First Diagnose, then Treat: What Ails the Doha Round?
Robert Schuman Centre for Advanced Studies, EUI. Global Governance Programme Working Paper RSCAS 2013/85
31 Pages Posted: 27 Nov 2013
Date Written: November 26, 2013
The commonplace tendency is to blame the difficulties of the Doha Round of multilateral trade negotiations on the World Trade Organization (WTO) itself. In contrast, I suggest in the first part of this paper that exogenous structural factors, especially changing commodity prices and trade flows, fatally undermined the round. In the second part I discount the significance of endogenous institutional factors such as the number of participants, the size of the agenda, or the Single Undertaking, although design failures, notably in the "modalities" for negotiation, did hurt. But what hurt even more was the way the WTO, in common with most multilateral organizations, has not caught up with the shifting centre of gravity in global governance. The trading system is no longer a transatlantic bargain. The regulatory issues on the 21st century trade policy agenda will inevitably be negotiated in Geneva, but only after a new trans-Pacific accommodation recognizes China’s central role.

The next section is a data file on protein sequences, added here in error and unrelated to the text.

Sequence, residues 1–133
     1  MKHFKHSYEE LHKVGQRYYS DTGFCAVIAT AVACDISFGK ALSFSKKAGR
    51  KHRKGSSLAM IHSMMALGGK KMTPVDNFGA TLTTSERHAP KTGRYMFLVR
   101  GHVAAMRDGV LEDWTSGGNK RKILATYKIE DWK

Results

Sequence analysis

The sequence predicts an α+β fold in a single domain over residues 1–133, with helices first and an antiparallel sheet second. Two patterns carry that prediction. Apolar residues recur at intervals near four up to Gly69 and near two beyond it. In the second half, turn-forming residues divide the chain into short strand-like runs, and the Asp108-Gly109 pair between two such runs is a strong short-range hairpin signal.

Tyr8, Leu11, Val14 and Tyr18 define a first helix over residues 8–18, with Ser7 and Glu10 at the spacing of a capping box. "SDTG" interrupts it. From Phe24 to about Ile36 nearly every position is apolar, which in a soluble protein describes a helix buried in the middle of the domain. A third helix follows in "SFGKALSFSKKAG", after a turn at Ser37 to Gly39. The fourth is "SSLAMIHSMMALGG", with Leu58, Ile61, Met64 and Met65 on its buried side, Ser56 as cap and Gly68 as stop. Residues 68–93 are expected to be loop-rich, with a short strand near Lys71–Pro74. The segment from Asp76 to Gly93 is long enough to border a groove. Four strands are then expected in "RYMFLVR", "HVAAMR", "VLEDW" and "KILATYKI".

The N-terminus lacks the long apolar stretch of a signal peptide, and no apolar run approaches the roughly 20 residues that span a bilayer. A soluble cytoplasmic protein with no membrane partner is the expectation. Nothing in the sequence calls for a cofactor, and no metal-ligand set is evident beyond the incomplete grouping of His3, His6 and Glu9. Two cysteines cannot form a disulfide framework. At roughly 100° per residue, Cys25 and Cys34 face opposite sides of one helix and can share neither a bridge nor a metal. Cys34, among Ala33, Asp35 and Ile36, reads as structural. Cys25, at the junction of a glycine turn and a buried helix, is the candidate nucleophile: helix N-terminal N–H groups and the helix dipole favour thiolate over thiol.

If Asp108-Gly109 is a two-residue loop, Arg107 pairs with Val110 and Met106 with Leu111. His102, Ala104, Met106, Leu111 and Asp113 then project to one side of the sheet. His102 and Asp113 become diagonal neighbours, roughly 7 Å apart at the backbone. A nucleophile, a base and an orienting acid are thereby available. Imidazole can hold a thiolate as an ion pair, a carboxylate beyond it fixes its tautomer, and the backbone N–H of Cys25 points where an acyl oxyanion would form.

Keywords: WTO, Doha round, trade agreements, negotiations, international cooperation
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